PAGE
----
A tooth may be extracted for many reasons. Some teeth are extracted because they are severely decayed, others may have advanced periodontal disease, or may have been broken in a manner in which they cannot be repaired. Other teeth may need removal because they are poorly positioned in the mouth such as wisdom teeth or in preparation for orthodontic treatment.
If the tooth is not fully erupted (impacted), it may be necessary to first remove some of the overlying gum and bone tissue in order to access the tooth. Some teeth must be cut and removed in sections. The extraction site may or may not require one or more stitches to close the incision.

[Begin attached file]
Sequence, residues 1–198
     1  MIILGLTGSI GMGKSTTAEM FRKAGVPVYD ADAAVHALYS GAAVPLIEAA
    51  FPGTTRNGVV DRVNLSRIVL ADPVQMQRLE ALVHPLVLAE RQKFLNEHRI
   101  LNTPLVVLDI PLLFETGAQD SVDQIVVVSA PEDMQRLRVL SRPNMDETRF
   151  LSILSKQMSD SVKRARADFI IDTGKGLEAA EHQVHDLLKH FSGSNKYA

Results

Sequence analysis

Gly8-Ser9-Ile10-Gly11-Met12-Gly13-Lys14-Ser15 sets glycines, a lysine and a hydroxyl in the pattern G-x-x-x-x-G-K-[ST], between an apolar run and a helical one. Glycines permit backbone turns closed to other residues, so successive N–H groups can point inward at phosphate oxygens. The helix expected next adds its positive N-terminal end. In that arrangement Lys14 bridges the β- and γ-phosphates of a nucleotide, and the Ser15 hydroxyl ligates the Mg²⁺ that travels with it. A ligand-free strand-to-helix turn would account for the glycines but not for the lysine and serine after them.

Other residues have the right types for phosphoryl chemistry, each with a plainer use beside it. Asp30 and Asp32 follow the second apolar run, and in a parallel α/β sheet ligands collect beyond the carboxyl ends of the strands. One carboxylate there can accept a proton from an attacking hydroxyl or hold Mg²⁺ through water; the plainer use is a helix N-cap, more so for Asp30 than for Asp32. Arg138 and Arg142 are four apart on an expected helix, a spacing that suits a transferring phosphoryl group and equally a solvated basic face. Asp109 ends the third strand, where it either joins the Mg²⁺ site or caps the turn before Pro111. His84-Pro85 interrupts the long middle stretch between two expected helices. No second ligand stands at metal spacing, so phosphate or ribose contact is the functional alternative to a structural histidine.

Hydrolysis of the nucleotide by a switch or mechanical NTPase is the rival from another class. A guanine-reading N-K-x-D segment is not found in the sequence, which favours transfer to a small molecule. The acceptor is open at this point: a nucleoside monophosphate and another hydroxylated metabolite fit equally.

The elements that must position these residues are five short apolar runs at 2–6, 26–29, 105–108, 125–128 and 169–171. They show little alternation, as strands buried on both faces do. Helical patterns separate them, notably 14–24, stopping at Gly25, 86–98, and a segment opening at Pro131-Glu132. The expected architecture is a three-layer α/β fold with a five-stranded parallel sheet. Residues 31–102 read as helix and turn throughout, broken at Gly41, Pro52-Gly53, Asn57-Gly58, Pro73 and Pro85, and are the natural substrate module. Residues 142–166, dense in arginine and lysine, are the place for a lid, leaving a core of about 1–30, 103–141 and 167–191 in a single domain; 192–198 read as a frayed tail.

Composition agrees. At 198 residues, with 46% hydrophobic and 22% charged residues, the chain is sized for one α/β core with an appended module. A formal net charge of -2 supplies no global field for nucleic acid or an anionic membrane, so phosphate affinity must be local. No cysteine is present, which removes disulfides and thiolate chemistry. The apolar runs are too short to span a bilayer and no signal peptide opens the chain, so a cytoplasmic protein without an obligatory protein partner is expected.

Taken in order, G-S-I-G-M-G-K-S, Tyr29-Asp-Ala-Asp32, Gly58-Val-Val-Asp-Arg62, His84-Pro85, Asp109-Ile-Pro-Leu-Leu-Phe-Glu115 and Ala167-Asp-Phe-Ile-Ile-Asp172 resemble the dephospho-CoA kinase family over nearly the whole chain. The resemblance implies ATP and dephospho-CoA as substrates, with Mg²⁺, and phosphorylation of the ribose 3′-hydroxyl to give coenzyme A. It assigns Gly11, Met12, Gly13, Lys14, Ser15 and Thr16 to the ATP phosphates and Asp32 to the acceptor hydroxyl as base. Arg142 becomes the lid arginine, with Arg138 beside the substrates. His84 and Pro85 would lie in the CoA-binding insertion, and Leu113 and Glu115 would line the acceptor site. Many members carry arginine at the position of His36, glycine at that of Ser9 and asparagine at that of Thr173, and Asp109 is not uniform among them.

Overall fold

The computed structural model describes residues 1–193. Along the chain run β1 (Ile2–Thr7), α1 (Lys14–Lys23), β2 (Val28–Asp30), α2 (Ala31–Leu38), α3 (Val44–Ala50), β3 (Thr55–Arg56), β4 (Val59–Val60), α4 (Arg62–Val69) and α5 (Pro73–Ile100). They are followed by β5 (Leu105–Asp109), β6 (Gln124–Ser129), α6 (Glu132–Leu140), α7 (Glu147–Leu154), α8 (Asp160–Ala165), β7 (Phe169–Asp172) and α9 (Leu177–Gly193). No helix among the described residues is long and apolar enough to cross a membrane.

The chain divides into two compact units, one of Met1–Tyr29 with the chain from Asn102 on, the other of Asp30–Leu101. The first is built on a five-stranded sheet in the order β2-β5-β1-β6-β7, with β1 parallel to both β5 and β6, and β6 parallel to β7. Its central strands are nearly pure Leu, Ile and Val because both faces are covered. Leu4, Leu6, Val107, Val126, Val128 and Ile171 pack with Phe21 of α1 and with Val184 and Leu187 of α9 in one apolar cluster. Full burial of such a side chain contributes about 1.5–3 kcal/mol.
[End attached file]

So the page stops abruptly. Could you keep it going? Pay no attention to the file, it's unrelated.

When multiple teeth require extraction, the remaining bone or soft tissue often needs to be shaped to allow for a comfortable fitting prosthesis and to prevent sharp bony ledges from developing; this procedure is called an alveoloplasty.
Tooth extraction can be performed with local anesthesia, nitrous oxide (laughing gas) or I.V. sedation.